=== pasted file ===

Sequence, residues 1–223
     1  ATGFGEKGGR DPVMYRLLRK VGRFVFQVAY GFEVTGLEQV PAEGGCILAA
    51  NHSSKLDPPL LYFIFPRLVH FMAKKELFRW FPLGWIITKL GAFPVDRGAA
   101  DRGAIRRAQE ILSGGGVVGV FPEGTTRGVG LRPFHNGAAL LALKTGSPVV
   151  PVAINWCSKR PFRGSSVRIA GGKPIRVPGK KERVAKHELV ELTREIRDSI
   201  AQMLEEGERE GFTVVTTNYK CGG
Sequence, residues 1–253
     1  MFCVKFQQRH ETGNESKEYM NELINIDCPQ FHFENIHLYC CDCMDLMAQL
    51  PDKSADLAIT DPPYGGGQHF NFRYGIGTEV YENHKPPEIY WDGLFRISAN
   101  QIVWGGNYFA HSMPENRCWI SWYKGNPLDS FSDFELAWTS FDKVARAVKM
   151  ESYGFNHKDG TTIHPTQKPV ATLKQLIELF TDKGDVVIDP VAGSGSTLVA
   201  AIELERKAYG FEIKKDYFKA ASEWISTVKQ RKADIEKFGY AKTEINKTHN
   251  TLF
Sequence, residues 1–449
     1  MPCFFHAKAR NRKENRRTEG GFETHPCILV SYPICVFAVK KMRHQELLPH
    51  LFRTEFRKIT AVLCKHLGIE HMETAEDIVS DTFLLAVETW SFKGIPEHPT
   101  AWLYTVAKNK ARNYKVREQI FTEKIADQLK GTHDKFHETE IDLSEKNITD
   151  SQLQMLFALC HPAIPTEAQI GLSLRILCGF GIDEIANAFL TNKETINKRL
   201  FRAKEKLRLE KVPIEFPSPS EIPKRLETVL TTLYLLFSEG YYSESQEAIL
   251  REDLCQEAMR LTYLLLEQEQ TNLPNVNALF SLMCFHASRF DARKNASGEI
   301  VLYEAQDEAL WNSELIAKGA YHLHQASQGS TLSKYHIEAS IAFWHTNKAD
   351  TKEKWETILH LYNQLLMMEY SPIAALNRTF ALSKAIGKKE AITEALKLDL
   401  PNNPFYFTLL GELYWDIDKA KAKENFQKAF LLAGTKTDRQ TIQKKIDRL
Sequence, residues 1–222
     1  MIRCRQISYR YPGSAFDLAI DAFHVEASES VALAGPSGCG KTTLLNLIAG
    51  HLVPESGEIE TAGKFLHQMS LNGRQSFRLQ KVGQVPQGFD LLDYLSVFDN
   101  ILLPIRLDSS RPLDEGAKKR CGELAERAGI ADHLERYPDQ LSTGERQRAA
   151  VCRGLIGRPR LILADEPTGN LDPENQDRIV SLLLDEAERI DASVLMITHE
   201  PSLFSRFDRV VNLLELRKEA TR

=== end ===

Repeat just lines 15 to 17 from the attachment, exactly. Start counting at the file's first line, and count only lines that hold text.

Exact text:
     1  MPCFFHAKAR NRKENRRTEG GFETHPCILV SYPICVFAVK KMRHQELLPH
    51  LFRTEFRKIT AVLCKHLGIE HMETAEDIVS DTFLLAVETW SFKGIPEHPT
   101  AWLYTVAKNK ARNYKVREQI FTEKIADQLK GTHDKFHETE IDLSEKNITD